Academic Editor: Jen-Tsung Chen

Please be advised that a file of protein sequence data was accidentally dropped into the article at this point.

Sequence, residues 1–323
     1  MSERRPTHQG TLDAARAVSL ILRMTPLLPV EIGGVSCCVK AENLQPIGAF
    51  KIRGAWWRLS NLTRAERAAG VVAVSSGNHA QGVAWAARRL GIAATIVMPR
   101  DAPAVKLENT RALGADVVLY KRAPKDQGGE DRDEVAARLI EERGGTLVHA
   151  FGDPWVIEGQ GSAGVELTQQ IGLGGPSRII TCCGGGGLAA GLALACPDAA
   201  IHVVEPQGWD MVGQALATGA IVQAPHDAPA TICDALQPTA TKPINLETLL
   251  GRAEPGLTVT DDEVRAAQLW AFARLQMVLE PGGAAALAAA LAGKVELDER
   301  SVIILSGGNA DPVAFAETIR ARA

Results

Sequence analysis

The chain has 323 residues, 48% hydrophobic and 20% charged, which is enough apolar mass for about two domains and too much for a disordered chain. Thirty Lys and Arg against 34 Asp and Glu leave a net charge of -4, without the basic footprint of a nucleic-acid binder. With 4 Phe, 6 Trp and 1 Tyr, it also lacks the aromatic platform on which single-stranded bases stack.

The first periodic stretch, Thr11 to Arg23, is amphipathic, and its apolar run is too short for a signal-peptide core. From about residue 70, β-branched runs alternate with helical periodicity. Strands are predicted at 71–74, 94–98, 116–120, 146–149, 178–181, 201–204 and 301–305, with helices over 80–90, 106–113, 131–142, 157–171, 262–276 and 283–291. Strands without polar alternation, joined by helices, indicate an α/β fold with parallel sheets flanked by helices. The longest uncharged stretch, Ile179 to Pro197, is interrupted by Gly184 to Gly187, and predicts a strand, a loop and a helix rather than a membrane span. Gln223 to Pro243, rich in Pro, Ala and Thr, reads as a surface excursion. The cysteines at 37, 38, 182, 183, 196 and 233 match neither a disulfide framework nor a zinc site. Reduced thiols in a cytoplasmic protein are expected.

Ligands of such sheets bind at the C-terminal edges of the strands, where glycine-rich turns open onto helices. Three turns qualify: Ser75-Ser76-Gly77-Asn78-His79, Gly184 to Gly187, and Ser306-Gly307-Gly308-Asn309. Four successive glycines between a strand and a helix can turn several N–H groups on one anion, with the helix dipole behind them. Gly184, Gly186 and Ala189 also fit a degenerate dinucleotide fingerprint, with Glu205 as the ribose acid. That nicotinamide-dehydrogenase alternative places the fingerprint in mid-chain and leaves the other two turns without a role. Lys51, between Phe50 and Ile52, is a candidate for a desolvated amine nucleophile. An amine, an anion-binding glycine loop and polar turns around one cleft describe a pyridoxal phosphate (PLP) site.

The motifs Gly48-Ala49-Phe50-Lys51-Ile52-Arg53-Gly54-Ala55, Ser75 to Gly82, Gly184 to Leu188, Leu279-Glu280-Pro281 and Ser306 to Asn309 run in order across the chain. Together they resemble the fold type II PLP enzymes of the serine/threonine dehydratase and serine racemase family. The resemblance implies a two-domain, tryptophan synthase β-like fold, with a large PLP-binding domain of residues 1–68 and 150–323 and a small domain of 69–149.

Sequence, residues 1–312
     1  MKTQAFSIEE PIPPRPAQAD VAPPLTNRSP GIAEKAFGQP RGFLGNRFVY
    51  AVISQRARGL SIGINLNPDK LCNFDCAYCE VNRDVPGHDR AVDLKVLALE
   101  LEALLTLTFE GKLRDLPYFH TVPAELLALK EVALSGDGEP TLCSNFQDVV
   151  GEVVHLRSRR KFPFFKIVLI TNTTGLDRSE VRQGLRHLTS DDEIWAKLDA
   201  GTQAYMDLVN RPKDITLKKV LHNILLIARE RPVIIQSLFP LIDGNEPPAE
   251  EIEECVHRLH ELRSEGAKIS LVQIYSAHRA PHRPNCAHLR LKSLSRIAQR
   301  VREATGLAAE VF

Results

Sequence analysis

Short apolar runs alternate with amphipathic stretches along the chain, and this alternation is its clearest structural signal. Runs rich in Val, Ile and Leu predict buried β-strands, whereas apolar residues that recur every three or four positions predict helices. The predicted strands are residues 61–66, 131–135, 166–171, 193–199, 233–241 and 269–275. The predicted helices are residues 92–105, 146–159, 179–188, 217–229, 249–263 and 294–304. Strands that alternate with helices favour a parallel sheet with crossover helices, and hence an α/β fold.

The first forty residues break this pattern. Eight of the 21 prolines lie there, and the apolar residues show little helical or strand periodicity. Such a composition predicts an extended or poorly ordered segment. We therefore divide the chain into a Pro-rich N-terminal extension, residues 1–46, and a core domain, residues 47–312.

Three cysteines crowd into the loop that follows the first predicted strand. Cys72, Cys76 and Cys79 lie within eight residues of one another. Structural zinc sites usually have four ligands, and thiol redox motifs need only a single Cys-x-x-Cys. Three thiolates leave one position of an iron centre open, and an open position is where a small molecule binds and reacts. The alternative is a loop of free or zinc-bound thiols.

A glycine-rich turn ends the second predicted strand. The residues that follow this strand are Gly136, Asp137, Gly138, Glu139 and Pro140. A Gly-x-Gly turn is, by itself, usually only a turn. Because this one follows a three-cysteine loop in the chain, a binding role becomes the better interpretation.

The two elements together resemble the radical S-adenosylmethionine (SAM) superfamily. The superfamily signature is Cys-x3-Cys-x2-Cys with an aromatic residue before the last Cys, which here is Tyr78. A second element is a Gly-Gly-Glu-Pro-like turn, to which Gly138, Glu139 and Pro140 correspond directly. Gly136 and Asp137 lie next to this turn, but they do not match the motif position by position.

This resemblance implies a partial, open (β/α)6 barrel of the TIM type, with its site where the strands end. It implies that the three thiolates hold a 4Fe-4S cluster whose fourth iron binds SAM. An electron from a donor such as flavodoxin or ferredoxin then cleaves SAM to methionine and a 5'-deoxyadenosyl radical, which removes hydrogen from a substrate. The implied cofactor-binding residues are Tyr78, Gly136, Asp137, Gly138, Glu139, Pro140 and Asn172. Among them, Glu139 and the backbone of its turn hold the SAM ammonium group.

Background: The plant hormones auxin affects most aspects of plant growth and development. The auxin transport and signaling are regulated by different factors that modulate plant morphogenesis and respond to external environments. The modulation of gene expression by Auxin Response Factors (ARFs) and inhibiting Auxin/Indole-3-Acetic Acid (Aux/IAA) proteins are involved in auxin signaling pathways. These components are encoded by gene families with numerous members in most flowering plants. Methods: However, there is no genome-wide analysis of the expression profile and the structural and functional properties of the ARF and Aux/IAA gene families in soybean. Using various online tools to acquire of genomic and expression data, and analyzing them to differentiate the selected gene family’s expression, interaction, and responses in plant growth and development. Results: Here, we discovered 63 GmIAAs and 51 GmARFs in a genome-wide search for soybean and analyzed the genomic, sequential and structural properties of GmARFs and GmIAAs. All of the GmARFs found have the signature B3 DNA-binding (B3) and ARF (Aux rep) domains, with only 23 possessing the C-terminal PB1 (Phox and Bem1) domain (Aux/IAA), according to domain analysis. The number of exons in GmARFs and GmIAAs genes varies from two to sixteen, indicating that the gene structure of GmARFs and GmIAAs is highly variable. Based on phylogenetic analysis, the 51 GmARFs and 63 GmIAAs were classified into I–V and I–VII groups. The expression pattern of GmARFs and GmIAAs revealed that the GmARF expression is more specific to a particular part of the plant; for example, ARF 2, 7, and 11 are highly expressed in the root. In contrast, GmIAAs expression has occurred in various parts of the plants. The interaction of ARF with functional genes showed extensive interactions with genes involved in auxin transport which helps to control plant growth and development. Furthermore, we also elaborate on the DNA-protein interaction of ARFs by identifying the residues involved in DNA recognition. Conclusions: This study will improve our understanding of the auxin signaling system and its regulatory role in plant growth and development.